c) They have a history of such sabotages/attacks on public transport. The PWG component had a history (and they used to own up too
); but the MCC has a very shady history
of these incidents in Jharkhand and Bihar, featuring in scores of them. I have myself spoken to a former MCC activist, who later joined JNU as a fellow student. The defense he had for sabotaging rail tracks was that, there was no other better way to register anger in rural areas, where otherwise the state institutions/symbols were absent; an argument I found ridiculous and which I had told him as well.
Somehow tragedies of this kind and order of the Sardiha case were thankfully avoided despite derailment..but I suppose the Maoists or the PCPA did not expect goods trains ramming onto passenger trains. But that does not absolve them of their guilt. They have continuously attacked the railways for years now, looking at it as a symbol of the Indian state and that remains.
d) The blame on the CPI(M) is farcical to say the least and definitely Goebbelsian. To say that the CPI(M) will use saboteurs because of upcoming "civic" elections is absolutely crazy. I find a lot of Maoist apologists making this argument for the convenient reason that this happened at a time when elections were about to be scheduled. A lot of the very same apologists made a similar argument during the Mumbai terrorist attacks blaming this on the Sangh Parivar because Hemant Karkare was killed. In other words, Maoist sympathisers were denying the involvement of jihadi terrorists in the Mumbai attacks in the very aftermath and engaging in conspiracy theories, ignoring the history of jihadi attacks and their ingrained policy of attacking civilians, if need be, to make whatever point they want to make.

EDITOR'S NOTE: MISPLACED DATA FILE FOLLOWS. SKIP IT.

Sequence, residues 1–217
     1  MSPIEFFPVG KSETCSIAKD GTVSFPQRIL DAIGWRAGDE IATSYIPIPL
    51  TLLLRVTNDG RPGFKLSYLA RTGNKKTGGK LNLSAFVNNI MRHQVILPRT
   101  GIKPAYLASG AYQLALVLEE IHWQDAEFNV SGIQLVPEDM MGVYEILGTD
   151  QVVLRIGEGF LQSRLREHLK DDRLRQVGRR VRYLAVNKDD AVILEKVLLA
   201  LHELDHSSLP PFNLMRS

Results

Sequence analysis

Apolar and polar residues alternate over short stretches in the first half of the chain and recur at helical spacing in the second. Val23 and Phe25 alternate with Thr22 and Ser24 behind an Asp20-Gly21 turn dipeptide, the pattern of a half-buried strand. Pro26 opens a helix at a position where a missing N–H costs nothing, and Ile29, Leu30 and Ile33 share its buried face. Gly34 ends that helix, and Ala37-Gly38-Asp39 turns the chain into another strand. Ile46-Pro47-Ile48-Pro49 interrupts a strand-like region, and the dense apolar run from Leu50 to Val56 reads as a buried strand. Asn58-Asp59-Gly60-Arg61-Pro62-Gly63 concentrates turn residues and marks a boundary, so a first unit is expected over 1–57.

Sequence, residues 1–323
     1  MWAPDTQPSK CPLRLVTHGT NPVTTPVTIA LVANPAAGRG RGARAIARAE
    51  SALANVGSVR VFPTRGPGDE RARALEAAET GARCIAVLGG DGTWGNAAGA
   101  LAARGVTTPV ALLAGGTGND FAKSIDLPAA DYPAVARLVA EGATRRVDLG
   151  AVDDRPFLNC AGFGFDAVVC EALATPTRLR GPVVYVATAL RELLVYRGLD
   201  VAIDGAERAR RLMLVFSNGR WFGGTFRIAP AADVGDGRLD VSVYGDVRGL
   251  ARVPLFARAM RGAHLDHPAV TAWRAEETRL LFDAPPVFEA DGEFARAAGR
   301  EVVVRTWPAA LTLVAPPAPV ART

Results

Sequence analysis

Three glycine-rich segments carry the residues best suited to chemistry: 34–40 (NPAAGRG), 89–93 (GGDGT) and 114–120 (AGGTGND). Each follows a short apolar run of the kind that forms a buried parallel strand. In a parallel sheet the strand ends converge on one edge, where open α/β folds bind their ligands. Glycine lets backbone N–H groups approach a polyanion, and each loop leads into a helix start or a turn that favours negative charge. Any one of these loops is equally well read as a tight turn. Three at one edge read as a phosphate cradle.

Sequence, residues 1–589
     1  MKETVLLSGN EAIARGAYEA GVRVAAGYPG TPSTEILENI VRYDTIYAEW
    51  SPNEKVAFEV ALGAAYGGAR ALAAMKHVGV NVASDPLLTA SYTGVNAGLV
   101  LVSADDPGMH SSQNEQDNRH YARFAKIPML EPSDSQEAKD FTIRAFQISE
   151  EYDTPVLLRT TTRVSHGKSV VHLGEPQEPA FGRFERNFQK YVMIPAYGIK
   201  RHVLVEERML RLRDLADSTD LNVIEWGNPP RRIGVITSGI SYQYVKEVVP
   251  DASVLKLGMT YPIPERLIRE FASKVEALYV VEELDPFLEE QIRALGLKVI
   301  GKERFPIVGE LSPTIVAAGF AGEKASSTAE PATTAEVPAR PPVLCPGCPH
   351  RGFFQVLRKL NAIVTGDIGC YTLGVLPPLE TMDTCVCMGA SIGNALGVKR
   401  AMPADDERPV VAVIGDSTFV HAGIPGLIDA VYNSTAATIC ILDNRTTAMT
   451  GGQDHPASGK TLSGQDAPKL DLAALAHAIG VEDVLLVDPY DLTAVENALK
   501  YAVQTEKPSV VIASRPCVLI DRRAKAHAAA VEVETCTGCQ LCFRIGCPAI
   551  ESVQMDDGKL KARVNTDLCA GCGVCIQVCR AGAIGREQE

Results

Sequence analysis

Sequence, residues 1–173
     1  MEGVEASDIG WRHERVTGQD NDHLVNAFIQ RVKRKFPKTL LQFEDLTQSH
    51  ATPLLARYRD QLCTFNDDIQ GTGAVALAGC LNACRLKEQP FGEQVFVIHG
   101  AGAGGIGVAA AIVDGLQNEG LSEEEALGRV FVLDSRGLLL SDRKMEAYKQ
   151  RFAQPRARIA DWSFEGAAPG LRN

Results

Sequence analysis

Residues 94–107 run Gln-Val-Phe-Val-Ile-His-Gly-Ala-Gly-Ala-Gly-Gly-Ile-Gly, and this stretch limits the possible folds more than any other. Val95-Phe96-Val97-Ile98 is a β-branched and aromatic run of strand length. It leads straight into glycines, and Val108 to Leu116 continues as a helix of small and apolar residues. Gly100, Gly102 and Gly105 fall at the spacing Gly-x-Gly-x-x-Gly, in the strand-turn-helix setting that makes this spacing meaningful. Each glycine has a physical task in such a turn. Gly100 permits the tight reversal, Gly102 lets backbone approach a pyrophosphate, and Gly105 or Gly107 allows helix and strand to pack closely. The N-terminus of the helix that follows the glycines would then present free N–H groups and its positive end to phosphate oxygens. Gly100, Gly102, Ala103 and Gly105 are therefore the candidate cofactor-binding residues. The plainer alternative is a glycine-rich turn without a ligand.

e) The blast theory was made by the rail minister without any proof. The derailment (with proof of track disruption, clearly visible to all) was given by the police. It is clear that the lady was trying to lay the blame on the Maoists rather than the PCPA, while retaining an artificial distinction between the Maoists and the PCPA. For me the distinction between PCPA and the Maoists has never been valid, as I explain above.
I accept that one needs to investigate this thoroughly and find out who are the real culprits - as in which individuals were the ones who undid the rail tracks that ultimately resulted in the derailment. But that does not mean that the Maoists/ PCPA will escape censure or blame, despite their denials. They have a history - including a recent one in the very same area
- of attacking the Railways and it stands to reason that they did this. As I write this, the Telegraph comes up with a report
suggesting that this was carried out by indisciplined Maoist cadre.